One more time with feelings:  Zucchini!  You will like this easy recipe with zucchini and shredded cheese. This recipe requires few ingredients with little muss and fuss and few bowls.  They are called drop biscuits because a spoon is used to scoop up the dough from the bowl and drop it onto a greased cookie sheet.

I actually found this on Martha White's sack of white all-purpose flour when I was making the zucchini bread last week.  I had the zucchini so I had to try the biscuits, too.  Caution:  I used another brand of flour and the two cups ended up being too much.

Here are the ingredients:
2 cups of white all-purpose flour
1 tbs baking powder
3/4 tsp salt
ground red pepper to taste
1 cup shredded Cheddar cheese
2/3 cup of milk
1/4 cup melted butter
3/4 cup shredded zucchini

Heat the oven to 450 degrees F and lightly grease a cookie sheet.

Combine the dry ingredients including the cheese and the wet ingredients in separate bowls.  Stir in the wet ingredients into the dry mixture until evenly moistened.  Again, be careful about adding too much flour.  Drop by heaping tablespoons on prepared baking (cookie) sheet.

Bake 12 to 15 minutes or until golden brown.  Makes about 12 biscuits.  Enjoy best served warm.

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Thursday, June 5, 2014

Zucchini Bread

I still got zucchini in the garden and I am not sure what to do with it, so today on one of the hotter days, I decided to bake zucchini bread.  As I was mixing the ingredients, I realized that this bread is loaded with calories!  It is hefty, to say the least.  However, it can be frozen and saved for Christmas in July or December.  I put dried cranberries and pecans into the bread which is so suited for a fruit cake.

I sifted together the dry ingredients:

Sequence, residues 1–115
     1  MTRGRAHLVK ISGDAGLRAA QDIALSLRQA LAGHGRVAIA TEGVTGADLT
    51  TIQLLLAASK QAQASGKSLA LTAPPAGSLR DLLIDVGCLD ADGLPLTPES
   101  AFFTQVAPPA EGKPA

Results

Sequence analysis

3 cups white all-purpose flour
1 tsp each salt, baking powder, and baking soda
3 tsp cinnamon

Mix together with the flour to be well coated:
1 cup chopped pecans and 1 cup dried cranberries (or pomegranate).

Mix together the wet ingredients:
3 eggs, beaten
2 heaping cups of sugar (groan!)
2 tsp vanilla extract
1 scant cup of canola oil (2x groan!)
2 generous cups of grated zucchini

I had to use some muscle to mix all the ingredients together and to mix them well.  I used a wooden spoon.  I was surprised that it all fit into the two baking pans.

Grease and flour two (2) 8 x 4 inch baking pans (I used Corning Glass pans).

Preheat oven to 325 degrees F (or 165 degrees C).  Bake 40 to 60 minutes, so "they" said.  Give this time a try; but after checking the bread after 40 minutes, I added 20 minutes, then 30 minutes, then 10 minutes.

 The dough is dense so it will take some time to bake.  Be sure to give it the stick test:  when a small wooden stick is inserted into the bread in the oven, removed, and comes out clean, the bread is ready).


When the bread had cooled down and was removed from the pans, I halved the loaves and wrapped them in foil, affixed a label, and put them in the freezer for much later.  Yes, I tasted it too and it was much like a fruit cake and very sweet.

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Monday, June 2, 2014

Zucchini Patti Cakes

The dark and lush zucchini foliage was dense and hid two large zucchinis but I found them and harvested them. I immediately decided to make zucchini patties and have them for supper.

2 cups grated zucchini
2 eggs, slightly beaten
2 tbs finely chopped onions
1/2 cup flour, more may be needed
1/4 cup parmesan cheese
1/2 tsp each baking powder and salt
1 pinch of dried oregano, crumbled
1/4 cup canola oil for frying

Of course, I kept the skin on the zucchini and grated a little more than half of the zucchini to make a generous two cups.  Some chefs recommend that you blot the grated zucchini but then you toss out a lot of nutrients.  I did blot mine slightly but increased the amount of white all-purpose flour to keep the dough from being too runny.

I finely chopped an onion to make a generous 2 tablespoon.  It seems hardly worth it but the onion gives the patties an interesting taste.  I also crumbled up a large pinch of dried oregano.

I sifted together 1/2 cup of flour, 1/2 tsp each baking powder and salt and mixed in 1/4 cup parmesan cheese.  I used already grated parmesan cheese, the kind used on spaghetti sauce.

The two eggs were slightly beaten and added to the zucchini and onion mix and I added this wet mix to the flour concoction.  I found that I needed more than 1/2 cup of flour.  I added to get mice patties, not too runny.

I heated the canola oil in a large frying pan and made patties, dropping them into the hot oil one at a time and fried until golden brown, 2 -3 minutes.  Watch that oil!  I had it a bit too hot and some of my patties were more black than golden but they were wicked good served with syrup.